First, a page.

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42

Laetrile/Amygdalin has been claimed to be a suitable treatment for 'cancer' (which is a summary term for an extremely heterogeneous class of diseases). Even though laetrile/amygdalin in these claims is often called a vitamin, it in fact is not a vitamin as the molecule is not essential for the metabolism (Greenberg (1980)). The claimed effects of laetrile/...


36

Can a cancer cells from someone else's body cause cancer in a healthy person? No. Cancer cells from another person cannot cause cancer in a healthy person. The rare cases of transmissible tumors all involve unhealthy or not yet developed persons. Transmission of tumor cells from one individual to another happens, but is quite rare, and in all cases ...


28

Before OP edited his/her question, it was a little unclear whether the question was only about humans. The following answer is more general than asked as it also considers cancers in non-humans Most cancers are not transmissible but some are. We call them (clonally) transmissible cancers. Transmissible cancers The most famous case of transmissible cancer ...


21

Short Answer: No. Background: First of all, there is no such thing as vitamin B17. The compound, amygdalin or laetrile, which is referred to by this term, is not a vitamin1. Amygdalin is indeed a cyanogenic glycoside (like glucosinolates, see this answer) which is poisonous to organisms including humans, because it forms cyanide which is toxic2. See this ...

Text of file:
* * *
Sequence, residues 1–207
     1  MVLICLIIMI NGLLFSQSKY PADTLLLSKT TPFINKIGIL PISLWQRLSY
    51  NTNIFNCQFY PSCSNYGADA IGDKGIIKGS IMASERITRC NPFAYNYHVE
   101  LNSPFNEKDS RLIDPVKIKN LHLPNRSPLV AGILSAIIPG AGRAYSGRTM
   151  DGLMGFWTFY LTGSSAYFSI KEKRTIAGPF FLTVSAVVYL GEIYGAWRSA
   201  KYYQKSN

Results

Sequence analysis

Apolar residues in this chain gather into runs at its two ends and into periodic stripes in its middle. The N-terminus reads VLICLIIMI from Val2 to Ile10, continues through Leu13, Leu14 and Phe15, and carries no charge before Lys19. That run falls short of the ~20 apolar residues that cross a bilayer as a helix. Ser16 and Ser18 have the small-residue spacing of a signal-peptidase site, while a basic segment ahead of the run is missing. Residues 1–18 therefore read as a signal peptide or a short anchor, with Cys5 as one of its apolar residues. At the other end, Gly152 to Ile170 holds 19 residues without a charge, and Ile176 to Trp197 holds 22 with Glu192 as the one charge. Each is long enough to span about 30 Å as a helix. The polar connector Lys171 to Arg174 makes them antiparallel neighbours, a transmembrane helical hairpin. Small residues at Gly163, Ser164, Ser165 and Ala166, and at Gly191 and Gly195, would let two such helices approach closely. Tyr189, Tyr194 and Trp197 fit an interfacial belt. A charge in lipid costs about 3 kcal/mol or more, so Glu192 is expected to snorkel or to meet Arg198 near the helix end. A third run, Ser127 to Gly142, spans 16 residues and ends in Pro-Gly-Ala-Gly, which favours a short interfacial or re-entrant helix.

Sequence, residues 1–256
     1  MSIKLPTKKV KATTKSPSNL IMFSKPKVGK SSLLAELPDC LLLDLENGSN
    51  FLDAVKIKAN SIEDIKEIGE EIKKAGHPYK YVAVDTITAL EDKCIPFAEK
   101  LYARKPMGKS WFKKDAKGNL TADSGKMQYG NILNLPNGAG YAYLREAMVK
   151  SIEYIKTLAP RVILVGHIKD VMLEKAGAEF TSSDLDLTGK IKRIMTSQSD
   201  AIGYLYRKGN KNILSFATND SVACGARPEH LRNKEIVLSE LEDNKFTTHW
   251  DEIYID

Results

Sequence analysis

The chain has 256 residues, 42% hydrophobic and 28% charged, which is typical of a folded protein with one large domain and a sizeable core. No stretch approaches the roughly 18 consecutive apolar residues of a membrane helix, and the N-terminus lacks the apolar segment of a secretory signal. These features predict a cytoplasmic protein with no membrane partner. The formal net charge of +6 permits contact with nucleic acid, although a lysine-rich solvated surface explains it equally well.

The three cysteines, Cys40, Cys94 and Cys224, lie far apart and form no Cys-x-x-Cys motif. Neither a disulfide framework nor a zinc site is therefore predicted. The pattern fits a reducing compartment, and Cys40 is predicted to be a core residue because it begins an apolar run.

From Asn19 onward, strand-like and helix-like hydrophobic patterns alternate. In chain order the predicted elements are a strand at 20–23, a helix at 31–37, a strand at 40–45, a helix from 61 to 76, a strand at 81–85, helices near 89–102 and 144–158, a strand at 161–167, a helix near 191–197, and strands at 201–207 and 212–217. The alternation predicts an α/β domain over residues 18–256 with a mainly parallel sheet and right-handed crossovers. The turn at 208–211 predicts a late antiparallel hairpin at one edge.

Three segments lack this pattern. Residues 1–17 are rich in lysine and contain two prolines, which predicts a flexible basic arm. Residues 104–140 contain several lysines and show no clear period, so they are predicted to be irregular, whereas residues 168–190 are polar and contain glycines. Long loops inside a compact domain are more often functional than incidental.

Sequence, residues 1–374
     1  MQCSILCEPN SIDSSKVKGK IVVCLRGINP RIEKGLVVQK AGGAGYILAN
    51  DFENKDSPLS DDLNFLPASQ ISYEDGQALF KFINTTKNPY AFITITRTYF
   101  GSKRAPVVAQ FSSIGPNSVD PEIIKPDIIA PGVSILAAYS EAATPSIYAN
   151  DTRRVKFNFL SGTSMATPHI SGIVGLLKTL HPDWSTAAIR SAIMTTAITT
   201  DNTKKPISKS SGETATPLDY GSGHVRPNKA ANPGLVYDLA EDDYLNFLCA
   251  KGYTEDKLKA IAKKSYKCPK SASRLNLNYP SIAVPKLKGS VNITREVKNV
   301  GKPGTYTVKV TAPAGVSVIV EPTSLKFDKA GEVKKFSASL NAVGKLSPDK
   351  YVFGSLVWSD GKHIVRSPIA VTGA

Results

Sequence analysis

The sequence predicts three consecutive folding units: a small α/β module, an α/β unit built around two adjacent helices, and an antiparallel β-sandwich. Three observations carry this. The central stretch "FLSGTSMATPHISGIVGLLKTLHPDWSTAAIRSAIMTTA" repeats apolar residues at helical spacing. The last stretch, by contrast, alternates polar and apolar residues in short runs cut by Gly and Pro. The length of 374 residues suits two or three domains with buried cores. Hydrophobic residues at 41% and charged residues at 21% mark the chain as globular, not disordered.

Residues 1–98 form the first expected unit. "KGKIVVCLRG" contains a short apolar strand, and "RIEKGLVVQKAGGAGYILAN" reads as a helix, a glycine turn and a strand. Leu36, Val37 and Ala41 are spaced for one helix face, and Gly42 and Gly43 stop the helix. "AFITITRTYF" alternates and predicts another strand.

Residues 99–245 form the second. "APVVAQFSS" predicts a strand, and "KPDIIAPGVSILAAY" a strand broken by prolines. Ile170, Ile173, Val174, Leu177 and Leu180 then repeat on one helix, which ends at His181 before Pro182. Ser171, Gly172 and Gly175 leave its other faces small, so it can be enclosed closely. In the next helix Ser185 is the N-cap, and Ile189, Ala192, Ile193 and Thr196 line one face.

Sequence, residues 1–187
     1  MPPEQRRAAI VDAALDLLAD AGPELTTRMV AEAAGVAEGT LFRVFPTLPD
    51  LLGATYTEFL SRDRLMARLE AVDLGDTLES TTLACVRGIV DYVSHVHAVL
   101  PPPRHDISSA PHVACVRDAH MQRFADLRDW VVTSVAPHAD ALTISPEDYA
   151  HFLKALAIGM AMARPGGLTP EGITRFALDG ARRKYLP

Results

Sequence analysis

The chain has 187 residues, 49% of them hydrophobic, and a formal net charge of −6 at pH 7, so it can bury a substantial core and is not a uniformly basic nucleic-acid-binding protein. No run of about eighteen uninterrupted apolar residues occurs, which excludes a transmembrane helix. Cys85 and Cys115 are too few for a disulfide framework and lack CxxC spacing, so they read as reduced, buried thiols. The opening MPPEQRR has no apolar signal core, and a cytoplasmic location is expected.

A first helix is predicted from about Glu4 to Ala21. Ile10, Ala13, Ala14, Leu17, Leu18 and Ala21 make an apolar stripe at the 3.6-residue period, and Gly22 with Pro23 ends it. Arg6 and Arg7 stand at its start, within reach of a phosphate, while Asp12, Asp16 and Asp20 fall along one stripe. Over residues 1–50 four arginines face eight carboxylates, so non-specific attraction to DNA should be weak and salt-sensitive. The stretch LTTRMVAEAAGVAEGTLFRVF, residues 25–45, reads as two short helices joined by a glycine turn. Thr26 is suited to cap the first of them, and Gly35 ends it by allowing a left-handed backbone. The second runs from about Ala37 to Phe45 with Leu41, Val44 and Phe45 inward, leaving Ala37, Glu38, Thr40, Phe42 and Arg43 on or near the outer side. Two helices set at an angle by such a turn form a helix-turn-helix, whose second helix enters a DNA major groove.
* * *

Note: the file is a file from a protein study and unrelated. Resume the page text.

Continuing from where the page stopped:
19

A tumour is simply a space-occupying lesion (something that should not be there, that is; a "lump") caused by abnormal cell replication. (In medicine, the word "tumour" literally means "swelling", and can sometimes refer to that instead, but that's a different story). Cancer is a disease in which cell replication is totally out of control. What causes ...


17

Yes. The very first cells used to study cancer are still around (HeLa Immortal Cells - Named for the subject Henrietta Lacks) and are basically immortal as long as they're fed. As for tumors, whether cancerous or not they most definitely can continue to grow until they become a serious medical issue (WARNING: GRAPHIC - 3 Largest Tumors Recorded). One of the ...


17

Yes, plants of all sizes can have cancerous growths. Agrobacterium tumifaciens, the causative agent of crown gall disease, produces what is called a tumor. See this link for detailed information on these growths. Alternatively, use a plant physiology textbook to look up the above terms. (Here, is where a textbook is better than a single abstract in PubMed.) ...


15

The HeLa cell line is undoubtedly the most used and investigated human immortal tumor cell line. Extracted from a cervical tumor from Henrietta Lacks in 1951 at Johns Hopkins hospital, Baltimore, MD these cells proved immortal and are still used in many, many labs worldwide today. It is the oldest human cell line in use and, therefore, the oldest human ...


14

Such projections are more formally known as spiculations. Most commonly, we talk about spiculations with respect to the radiographic appearance of malignant breast and lung lesions. This paper* describes the correlation between the mammorgraphic appearance of spiculated breast lesions and their pathology (microscopic appearance), which is a reasonable start ...


14

The methodology behind homeopathy is scientific nonsense. If you dilute anything a billion times, it will have no chemical effect, not even if you shake it all the while. So no, homeopathy does nothing for cancer, or any medical condition at all. Of course plants can have active compounds in them, once scientists have identified those compounds, they can ...